Jen Jacobson  2:38  
Thank you for having me. Absolutely. Thank

Brian Nichols  2:40  
you for joining us and thank you for fighting the good fight. Frankly, Jen at the end of the day, like there comes a point. Oh, I feel like a nerd. I'm quoting Albus Dumbledore, we must decide between doing what is easy. And what is right. And you did the thing that was right, even though it was definitely not the easy path. And that was standing against a lot of the tyranny being passed down through government eating out in Oregon. Before we get there. I'm putting the cart before the horse. Let's do ourselves a favor. Introduce yourself to The Brian Nichols Show audience and specifically the role that COVID-19 and government overreach played on your business their beloved cheesecakes. Yeah,

Jen Jacobson  3:15  
so I'm the owner of beloved cheese cakes here in Silverton, Oregon. And I opened my shop, eight months before the lockdown. So August 2018, everything was going great. And boom, a lockdown happen. And prior to that I I've been a sole parent this three boys for six years. And so when I started the shop, I was single with my boys. And when they locked us down, I don't have biological family. I don't have siblings. It's just my boys and I and you're deeming me non essential, and I'm essential to my voice. So for me, I chose to stay open, because I'm essential. The first two, let's say because the other two weeks the solar spreads. So of course, we're close that two weeks, but then after that, I started doing special orders for people and then I just opened my doors and said forget it. And then when the mass mandate came and then telling people you can only have to go orders. I was like I'm not going to tell no one know if they want to come in and sit down. And I also went to school for social work. So for me, being part of a social worker is that you let people make their own choice of what is best for them. And so why would I tell someone that you have to put on a mask or you know that they can't come in sit down and so that is how we got started the whole I had a Kickstarter that started for me and got my voice and I rolling I'm here at beloved cheesecakes. And so we're really beloved here in the community. And then when I took my stance, that's when things really changed. And yeah, I was turned into OSHA six times, and I did not receive a fine, which that was I, this is God's shop. That's why I'm beloved use case. I'm his beloved, and he is mine. And so I believe it's his favor. And yeah, that's a little bit about me,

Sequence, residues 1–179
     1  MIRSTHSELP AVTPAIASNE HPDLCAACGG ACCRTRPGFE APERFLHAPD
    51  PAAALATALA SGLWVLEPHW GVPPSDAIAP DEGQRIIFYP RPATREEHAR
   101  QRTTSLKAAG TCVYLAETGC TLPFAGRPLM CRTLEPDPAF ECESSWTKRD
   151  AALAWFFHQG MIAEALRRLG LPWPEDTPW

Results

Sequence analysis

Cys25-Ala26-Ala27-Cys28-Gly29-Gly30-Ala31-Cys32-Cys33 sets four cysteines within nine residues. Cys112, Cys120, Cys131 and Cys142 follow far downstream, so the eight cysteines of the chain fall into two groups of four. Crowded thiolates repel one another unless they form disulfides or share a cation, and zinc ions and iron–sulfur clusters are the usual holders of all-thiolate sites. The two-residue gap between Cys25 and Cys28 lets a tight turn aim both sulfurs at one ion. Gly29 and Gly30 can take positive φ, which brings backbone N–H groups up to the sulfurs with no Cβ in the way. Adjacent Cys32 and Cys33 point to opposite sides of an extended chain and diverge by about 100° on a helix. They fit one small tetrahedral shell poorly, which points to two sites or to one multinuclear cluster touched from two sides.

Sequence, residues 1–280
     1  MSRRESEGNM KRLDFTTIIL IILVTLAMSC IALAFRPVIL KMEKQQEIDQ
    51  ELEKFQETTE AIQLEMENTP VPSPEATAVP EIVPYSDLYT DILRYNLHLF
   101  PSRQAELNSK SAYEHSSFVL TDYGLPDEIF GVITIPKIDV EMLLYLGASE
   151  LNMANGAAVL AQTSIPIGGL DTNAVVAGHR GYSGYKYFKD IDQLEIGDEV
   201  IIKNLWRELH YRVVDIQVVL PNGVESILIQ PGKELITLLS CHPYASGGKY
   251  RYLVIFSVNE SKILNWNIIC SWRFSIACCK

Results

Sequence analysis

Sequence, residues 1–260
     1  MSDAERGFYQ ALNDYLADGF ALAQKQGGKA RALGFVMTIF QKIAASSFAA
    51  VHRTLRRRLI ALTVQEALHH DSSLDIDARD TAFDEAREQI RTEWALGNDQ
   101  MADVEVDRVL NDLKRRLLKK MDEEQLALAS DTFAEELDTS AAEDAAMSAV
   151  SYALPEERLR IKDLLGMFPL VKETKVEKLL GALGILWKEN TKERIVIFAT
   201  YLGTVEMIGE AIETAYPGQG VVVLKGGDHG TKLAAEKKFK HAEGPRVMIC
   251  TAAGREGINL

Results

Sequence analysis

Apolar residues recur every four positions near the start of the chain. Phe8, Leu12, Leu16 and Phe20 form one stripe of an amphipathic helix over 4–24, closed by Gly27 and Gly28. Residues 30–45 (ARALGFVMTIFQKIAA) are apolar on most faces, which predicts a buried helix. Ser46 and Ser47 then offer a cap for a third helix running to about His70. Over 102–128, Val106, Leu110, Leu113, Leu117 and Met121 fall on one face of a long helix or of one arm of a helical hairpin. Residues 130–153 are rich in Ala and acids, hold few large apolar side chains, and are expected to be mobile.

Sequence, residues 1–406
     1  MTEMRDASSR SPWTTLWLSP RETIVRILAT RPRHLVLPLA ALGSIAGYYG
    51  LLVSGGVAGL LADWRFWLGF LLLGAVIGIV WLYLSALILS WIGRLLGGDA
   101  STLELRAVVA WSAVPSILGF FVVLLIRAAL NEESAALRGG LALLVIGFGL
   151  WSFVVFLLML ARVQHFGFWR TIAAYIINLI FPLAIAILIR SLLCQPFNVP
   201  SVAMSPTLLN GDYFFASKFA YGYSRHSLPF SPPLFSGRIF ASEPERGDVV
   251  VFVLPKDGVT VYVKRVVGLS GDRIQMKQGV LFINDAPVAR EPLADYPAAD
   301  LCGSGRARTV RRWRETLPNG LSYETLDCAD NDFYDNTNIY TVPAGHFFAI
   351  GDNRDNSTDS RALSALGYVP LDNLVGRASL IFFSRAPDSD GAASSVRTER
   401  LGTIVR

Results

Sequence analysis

Brian Nichols  5:27